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Fireman Sam: 'No stereotype problem' in show, says creator

Fireman Sam: 'No stereotype problem' in show, says creator

Fireman Sam creator David Jones had a business creating figurines as well as being a firefighter
The creator of Fireman Sam has said he "can't see" how the children's show has a stereotype problem and puts women off joining the service.It comes after senior fire officer Alex Johnson told The Telegraph "most of the job is nothing like it is portrayed" in the show.It has sparked debate on social media about whether the show is sexist.David Jones, who created the show set in the fictional Welsh town Pontypandy, said there was nothing he would change.
Happy 30th birthday Fireman Sam
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Ex-firefighter Mr Jones, 74, began working on the idea for Fireman Sam - Sam Tan in Welsh - in the 1980s after he heard Mike Young on BBC Radio 2 talking about his cartoon project SuperTed.
"It is for children it wasn't meant to be advertised as a recruiting post," he said."It is supposed to teach kids some small safety items. Someone doesn't join the fire service when they watch Fireman Sam."They wouldn't be the right people for the job if that was their mentality."Mr Jones sold the programme, illustrated by Rob Lee from Cardiff, to Mattel in 2002.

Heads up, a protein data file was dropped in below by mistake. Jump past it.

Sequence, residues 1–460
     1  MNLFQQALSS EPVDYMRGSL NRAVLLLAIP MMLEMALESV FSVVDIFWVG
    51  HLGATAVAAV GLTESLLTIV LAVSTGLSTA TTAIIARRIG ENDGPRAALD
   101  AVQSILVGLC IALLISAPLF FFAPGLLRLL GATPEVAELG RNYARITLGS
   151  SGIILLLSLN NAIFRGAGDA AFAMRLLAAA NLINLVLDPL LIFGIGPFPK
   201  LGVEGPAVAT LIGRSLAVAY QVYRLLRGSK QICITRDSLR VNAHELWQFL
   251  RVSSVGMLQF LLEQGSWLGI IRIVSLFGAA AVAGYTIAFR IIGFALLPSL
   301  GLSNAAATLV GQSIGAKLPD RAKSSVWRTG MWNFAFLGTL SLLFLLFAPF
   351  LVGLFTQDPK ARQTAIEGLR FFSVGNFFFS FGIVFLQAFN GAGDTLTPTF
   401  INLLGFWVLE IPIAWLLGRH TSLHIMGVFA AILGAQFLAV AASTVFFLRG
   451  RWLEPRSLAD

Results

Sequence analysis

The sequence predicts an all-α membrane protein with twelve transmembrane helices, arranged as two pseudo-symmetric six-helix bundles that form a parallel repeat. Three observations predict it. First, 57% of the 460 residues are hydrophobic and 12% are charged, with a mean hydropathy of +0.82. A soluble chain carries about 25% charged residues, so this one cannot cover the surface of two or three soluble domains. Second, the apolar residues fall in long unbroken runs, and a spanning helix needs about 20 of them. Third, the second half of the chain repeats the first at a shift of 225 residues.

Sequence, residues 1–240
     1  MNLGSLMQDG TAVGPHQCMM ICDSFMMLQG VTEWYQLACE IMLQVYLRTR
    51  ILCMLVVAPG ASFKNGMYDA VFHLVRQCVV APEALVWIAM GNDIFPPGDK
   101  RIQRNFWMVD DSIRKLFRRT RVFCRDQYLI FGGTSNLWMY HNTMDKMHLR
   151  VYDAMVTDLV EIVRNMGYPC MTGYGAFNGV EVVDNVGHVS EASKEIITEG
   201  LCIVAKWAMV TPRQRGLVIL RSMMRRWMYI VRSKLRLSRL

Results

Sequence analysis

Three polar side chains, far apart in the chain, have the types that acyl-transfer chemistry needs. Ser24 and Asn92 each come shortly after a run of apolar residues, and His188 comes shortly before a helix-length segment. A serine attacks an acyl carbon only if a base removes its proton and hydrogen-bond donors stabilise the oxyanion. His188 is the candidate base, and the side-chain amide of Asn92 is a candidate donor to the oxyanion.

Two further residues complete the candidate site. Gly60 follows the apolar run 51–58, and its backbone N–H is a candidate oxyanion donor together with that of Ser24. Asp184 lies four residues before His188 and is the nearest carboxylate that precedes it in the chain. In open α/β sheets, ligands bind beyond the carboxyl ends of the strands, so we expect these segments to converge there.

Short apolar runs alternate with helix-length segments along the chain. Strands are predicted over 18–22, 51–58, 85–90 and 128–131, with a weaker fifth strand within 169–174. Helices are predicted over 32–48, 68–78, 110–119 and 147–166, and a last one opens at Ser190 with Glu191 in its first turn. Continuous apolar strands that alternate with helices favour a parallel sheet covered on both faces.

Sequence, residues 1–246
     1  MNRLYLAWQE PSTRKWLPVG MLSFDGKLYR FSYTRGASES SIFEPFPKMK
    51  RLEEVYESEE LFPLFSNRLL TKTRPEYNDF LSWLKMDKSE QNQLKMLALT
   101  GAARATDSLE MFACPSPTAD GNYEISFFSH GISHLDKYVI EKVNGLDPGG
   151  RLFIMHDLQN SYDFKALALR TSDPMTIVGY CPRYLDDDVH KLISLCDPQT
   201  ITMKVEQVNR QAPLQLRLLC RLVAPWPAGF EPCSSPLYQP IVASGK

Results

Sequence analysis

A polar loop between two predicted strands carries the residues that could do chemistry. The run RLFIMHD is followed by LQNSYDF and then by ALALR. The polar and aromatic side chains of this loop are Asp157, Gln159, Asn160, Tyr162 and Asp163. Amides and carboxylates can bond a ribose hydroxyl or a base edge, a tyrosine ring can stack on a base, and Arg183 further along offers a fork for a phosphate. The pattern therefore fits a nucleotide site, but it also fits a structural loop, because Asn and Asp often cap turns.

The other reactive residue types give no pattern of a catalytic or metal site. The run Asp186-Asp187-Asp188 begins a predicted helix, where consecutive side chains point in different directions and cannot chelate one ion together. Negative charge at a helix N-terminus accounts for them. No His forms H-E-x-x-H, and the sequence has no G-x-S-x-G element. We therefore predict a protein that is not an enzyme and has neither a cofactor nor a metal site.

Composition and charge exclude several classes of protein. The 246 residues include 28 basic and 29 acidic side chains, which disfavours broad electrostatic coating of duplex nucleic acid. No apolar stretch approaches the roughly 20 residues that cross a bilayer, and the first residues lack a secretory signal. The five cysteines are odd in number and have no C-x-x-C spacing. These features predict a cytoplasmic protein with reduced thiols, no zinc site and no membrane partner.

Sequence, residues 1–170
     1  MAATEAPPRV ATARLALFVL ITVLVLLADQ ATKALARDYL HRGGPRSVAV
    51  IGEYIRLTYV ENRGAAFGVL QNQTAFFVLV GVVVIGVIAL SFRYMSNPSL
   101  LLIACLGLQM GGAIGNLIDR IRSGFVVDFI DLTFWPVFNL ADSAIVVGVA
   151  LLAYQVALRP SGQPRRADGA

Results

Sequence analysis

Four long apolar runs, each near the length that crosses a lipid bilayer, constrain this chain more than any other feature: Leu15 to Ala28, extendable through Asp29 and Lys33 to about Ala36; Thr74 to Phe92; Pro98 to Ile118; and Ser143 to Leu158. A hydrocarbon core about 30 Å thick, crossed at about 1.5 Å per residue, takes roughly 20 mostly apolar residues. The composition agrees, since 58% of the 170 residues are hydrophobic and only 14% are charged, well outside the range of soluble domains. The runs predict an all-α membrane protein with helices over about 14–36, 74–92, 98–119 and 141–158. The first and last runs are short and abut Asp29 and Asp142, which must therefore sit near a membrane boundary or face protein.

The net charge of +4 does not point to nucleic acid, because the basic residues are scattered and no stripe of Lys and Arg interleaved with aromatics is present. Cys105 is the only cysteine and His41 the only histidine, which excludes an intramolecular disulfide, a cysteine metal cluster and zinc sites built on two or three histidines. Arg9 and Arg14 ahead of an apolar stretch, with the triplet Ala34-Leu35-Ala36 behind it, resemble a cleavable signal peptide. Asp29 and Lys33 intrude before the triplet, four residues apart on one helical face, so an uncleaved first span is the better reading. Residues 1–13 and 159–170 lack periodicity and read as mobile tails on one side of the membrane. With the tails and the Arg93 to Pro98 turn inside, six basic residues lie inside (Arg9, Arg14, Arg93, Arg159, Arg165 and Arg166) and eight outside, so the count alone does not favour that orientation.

Fireman Sam was broadcast for the first time in November 1987
Ms Johnson, temporary deputy chief fire officer for South Yorkshire Fire and Rescue who is campaigning to attract more women into the fire service, said that women and people from different backgrounds do not consider the role because "they aren't seeing themselves represented".Data shows that 5.2% of firefighters in England are women and 3.9% are from an ethnic minority background, according to the National Fire Chiefs Council.Meanwhile, the London Fire Brigade, using #FirefightingSexism in its campaign, tweeted that Penny Morris, a firefighting character in Fireman Sam, is "devalued".
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Sadly Penny’s involvement in the show is completely devalued by the constant use of the outdated term fireman in the catchy theme tune, title and on all merchandise. Language matters #FirefightingSexism https://t.co/ZC55Ujq0FX— London Fire Brigade (@LondonFire) March 18, 2019
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End of Twitter post by @LondonFire
Mr Jones maintains there is "nothing he would change about" the show and said that in his 14 years as a firefighter rushing into buildings on fire was "part of the job"."A fireman is someone who runs into fire or towards danger when other people run away," he said."There has been no harm done from Fireman Sam, it has only done good and I am very proud to have created it."The show was broadcast for the first time in November 1987 on Welsh TV channel S4C and is shown in more than 155 countries across the world.
S4C
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